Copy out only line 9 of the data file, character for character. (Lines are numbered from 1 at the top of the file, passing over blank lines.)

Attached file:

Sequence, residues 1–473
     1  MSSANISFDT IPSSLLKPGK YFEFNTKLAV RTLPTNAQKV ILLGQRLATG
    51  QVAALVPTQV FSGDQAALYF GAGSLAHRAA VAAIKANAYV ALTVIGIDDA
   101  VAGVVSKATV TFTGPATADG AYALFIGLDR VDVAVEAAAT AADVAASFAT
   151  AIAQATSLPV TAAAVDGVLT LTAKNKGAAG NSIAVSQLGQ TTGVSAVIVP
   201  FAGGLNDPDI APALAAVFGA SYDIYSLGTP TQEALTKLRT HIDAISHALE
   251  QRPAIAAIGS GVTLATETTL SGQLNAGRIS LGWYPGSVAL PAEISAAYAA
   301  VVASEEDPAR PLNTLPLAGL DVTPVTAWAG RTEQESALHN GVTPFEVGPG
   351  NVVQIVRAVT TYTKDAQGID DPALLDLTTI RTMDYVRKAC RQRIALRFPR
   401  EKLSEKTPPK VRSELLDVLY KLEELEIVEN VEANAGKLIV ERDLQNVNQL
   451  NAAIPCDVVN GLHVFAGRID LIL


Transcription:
   351  NVVQIVRAVT TYTKDAQGID DPALLDLTTI RTMDYVRKAC RQRIALRFPR